Within the realm of transfer path analysis (TPA), the first step often involves characterizing the forces generated from an actively vibrating component – a process known as source characterization. The characterization can either be done using interface forces with the classical approach, or using blocked/equivalent forces with the component-based approach. Several methods are described here for determining these forces: classical TPA (interface forces) and component-based TPA (blocked forces/equivalent forces), which are explained below and in this whitepaper on source characterization.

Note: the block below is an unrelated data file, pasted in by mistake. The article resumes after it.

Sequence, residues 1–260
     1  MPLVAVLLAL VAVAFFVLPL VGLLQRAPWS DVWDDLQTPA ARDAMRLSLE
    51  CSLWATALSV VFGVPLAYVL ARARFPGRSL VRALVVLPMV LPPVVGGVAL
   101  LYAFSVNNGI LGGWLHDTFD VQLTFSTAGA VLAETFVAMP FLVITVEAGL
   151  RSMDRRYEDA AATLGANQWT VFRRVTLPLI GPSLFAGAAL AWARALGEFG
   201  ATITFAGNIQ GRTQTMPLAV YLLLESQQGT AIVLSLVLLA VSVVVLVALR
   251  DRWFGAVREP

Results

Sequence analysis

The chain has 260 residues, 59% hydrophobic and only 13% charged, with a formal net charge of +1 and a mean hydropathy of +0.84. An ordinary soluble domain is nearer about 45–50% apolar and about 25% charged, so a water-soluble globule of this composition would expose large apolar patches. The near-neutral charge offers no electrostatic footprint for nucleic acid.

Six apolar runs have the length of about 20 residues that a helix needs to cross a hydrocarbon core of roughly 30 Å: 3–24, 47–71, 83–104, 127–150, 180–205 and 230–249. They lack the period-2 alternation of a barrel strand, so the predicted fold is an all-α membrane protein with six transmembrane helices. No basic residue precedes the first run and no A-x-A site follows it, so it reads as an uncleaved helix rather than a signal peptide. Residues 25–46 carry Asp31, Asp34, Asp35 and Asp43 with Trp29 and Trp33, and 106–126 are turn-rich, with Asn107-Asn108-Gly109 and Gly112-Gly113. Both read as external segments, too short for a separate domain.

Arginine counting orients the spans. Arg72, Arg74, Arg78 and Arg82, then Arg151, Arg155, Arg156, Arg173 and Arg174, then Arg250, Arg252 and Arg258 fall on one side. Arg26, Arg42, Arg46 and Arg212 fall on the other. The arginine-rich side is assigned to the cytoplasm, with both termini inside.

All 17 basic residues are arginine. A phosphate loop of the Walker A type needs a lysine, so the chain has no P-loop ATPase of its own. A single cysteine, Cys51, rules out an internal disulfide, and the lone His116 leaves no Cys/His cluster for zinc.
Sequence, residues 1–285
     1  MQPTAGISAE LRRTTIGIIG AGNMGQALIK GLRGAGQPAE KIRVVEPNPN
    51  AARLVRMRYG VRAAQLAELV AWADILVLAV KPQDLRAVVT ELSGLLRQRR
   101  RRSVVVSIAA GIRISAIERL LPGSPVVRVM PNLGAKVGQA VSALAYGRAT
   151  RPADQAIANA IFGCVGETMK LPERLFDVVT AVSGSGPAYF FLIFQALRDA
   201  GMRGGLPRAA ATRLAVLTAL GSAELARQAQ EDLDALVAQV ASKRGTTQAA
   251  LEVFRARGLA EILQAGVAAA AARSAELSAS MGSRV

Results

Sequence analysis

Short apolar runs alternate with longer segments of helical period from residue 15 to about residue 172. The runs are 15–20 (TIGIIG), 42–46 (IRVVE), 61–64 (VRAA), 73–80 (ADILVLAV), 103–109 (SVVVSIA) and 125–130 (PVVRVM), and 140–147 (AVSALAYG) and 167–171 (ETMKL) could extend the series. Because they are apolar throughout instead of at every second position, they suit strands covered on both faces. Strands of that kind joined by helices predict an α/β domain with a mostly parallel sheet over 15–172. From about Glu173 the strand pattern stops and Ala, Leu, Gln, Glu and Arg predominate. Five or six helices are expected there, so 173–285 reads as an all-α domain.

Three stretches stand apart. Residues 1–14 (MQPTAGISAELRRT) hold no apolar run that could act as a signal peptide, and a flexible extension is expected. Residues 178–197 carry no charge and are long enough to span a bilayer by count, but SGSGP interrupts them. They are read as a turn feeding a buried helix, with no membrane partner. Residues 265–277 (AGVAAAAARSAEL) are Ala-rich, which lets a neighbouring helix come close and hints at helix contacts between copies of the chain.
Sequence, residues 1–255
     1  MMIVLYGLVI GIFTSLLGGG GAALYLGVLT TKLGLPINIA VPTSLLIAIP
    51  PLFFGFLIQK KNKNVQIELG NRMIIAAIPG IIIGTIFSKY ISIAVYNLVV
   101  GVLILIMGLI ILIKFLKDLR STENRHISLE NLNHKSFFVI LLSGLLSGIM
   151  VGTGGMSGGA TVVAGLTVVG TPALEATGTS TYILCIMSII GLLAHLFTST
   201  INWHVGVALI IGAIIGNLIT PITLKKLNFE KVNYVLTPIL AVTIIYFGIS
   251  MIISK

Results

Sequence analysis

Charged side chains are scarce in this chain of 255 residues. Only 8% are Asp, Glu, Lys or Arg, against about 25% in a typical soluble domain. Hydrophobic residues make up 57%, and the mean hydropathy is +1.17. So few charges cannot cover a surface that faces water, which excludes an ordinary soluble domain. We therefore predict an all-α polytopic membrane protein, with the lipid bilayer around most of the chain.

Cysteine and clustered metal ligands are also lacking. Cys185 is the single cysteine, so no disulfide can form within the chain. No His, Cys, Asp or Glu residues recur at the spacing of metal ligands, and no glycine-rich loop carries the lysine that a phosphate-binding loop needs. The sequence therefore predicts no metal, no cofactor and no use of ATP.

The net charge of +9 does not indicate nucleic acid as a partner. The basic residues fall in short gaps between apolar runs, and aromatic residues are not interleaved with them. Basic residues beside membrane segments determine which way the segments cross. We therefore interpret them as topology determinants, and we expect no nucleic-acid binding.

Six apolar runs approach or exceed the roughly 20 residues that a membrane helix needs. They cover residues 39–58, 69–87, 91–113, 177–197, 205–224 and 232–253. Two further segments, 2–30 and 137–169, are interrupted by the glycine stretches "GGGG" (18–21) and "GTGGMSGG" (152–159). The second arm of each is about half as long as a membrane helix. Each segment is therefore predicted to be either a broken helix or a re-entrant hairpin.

Classical TPA is intended to identify transfer path contributions in existing products. The source excitation is represented by interface forces, which are a property of the assembly they are measured in. Their use for partial contribution analyses makes interface forces a valuable tool for determining which paths have the greatest contribution to the responses of interest.
Component-based TPA, on the other hand, is useful for simulating component vibration levels in new products. The source excitation is characterized by a set of equivalent forces that are an intrinsic property of the active component itself. More popularly, these forces are known as blocked forces, as they are the would-be forces (and moments!) when measured against a rigid boundary.
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